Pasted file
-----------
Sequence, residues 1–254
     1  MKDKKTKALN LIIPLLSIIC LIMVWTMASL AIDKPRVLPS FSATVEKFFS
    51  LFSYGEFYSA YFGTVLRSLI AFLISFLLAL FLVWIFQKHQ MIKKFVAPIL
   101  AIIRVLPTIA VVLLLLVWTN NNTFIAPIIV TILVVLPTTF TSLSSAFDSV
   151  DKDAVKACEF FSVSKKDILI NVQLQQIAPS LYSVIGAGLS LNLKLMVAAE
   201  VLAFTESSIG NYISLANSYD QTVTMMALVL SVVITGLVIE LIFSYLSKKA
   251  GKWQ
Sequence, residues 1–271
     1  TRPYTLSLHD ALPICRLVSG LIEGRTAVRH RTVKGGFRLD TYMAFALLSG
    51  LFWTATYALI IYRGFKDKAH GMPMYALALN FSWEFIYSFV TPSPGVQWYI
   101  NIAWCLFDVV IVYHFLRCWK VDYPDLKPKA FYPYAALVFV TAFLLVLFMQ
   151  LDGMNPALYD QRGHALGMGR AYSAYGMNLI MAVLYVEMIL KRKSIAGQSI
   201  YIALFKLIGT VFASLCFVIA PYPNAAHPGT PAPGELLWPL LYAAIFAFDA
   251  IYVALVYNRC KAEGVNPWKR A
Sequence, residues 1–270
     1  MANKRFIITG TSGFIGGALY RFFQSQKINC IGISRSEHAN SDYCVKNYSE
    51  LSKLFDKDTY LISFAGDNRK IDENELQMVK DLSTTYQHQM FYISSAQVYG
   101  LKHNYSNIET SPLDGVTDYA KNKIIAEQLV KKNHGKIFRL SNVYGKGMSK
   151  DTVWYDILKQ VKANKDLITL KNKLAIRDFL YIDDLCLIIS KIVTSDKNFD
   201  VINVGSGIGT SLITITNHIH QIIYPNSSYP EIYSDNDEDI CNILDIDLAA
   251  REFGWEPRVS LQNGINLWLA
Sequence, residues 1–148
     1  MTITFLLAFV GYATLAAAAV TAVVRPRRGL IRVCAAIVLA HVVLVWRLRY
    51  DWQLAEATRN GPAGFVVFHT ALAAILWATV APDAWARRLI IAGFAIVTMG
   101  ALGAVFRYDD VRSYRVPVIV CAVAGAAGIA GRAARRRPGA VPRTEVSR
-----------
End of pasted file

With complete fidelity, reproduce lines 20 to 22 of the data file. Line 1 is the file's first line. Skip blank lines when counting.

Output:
   201  VINVGSGIGT SLITITNHIH QIIYPNSSYP EIYSDNDEDI CNILDIDLAA
   251  REFGWEPRVS LQNGINLWLA
Sequence, residues 1–148